Kuchen looked to his notes again. “One of our men got her with a grasping-tentacles spell. She fell on some shards of glass that had broken off the windows, and bled. It was a stroke of fortune that one of the men even noticed it and managed to gather the blooded glass safely before the rain hit.” Kuchen’s eyes narrowed. “Now that I say it aloud, it seems awfully coincidental that the rain broke at such a convenient moment. If it had happened a minute or two earlier, she would have gotten away entirely.”

Titus turned to Thaddeus. “Do you think it is possible she could have used such large-scale weather magic?”

Thaddeus hummed absentmindedly, looking at the alley, then out at the street again, trying to reconstruct the scene in his mind. “It would have required powerful allies, as well as impeccable timing and foreknowledge. It is not impossible, but it seems like rather a lot of effort for what turned out to be a relatively minor altercation, all things considered.”

He strode into the street. “Take me up there,” he said, pointing to the bell-tower atop the roof opposite the warehouse.

They climbed carefully up the hastily-patched circular stairs, and Thaddeus crossed his arms as he looked down on the people milling around busily below, imagining standing against the clawing wind and lightning-cracked sky while raining down attack spells on them. “The man she was with. Tell me about him.”

“He wore a mask,” Kuchen said. “The workers described it as blank-featured, with a pit of shadows beneath it rather than flesh and blood. They believed him to be the leader of the Verdant Stags, and one did note that he commanded the Stag team, which leads credence to the assumption. We’ve had other reports of an individual matching his general description before, a couple of times in altercations with the Morrows.”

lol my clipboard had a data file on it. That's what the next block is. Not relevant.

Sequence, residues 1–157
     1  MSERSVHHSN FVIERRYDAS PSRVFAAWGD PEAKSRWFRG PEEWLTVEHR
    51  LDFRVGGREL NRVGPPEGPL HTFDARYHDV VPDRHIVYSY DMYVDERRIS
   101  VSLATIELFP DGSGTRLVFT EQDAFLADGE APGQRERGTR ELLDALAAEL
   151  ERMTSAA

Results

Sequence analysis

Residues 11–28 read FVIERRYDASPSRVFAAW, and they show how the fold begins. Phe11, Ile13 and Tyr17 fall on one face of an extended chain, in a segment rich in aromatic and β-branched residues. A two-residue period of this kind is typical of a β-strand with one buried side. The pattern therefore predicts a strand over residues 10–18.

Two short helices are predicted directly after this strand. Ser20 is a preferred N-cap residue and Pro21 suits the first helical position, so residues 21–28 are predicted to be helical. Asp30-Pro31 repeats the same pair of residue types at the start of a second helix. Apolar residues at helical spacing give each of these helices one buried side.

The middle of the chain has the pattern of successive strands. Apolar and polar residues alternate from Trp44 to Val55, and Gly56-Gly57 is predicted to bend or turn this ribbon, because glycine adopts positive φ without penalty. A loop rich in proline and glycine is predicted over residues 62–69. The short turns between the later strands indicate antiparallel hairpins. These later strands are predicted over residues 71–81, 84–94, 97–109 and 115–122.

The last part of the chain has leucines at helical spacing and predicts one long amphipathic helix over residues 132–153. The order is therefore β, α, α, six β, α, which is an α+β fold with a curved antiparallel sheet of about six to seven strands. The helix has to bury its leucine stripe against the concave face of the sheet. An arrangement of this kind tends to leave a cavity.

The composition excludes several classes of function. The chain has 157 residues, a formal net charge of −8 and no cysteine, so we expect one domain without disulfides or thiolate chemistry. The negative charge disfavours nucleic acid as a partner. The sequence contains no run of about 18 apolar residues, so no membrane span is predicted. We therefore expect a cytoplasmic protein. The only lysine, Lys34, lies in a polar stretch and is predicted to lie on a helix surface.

“I assume you have questioned the Verdant Stags about this?”

“Yes, of course. The manager—the one who handles the day-to-day operations—denies any knowledge of the Raven Q—of Naught, I mean.” Kuchen coughed, though Thaddeus wasn’t sure if it was because of his illness, or a self-conscious reaction to his verbal slip. “She accused us of obscuring the real issue of Morrow aggression on innocent civilians who just happen to live and work in the wrong place, and expressed doubt that Naught was actually there at all. Hogwash, of course, but there’s not much we can legally do to put pressure on her.”

“Do the Stags have a history suggesting they have a powerful sorcerer among their ranks?”

“On the contrary,” Kuchen said. “Magicians, at most. Small territory, relatively new organization, and to all accounts very little criminal activity, other than the enforcer teams carrying contraband artifacts and battle potions.”

“This is what I have gathered,” Thaddeus said. “Naught appeared to intercede between a small gang and a group of innocent civilians, accompanied by what observers believed to be a man wearing a mask.”

Believed to be?” Kuchen whispered, staring at Thaddeus in mounting horror.

Thaddeus gave a small shrug. “His face was not seen. Perhaps he was indeed a man. Perhaps he was able to call in a favor, and she came to his aid, and fully intended to heal Jameson but was simply interrupted before she could do so. Or, perhaps the darkness beneath the mask was not an illusion, and what walked beside her was a companion of another sort.”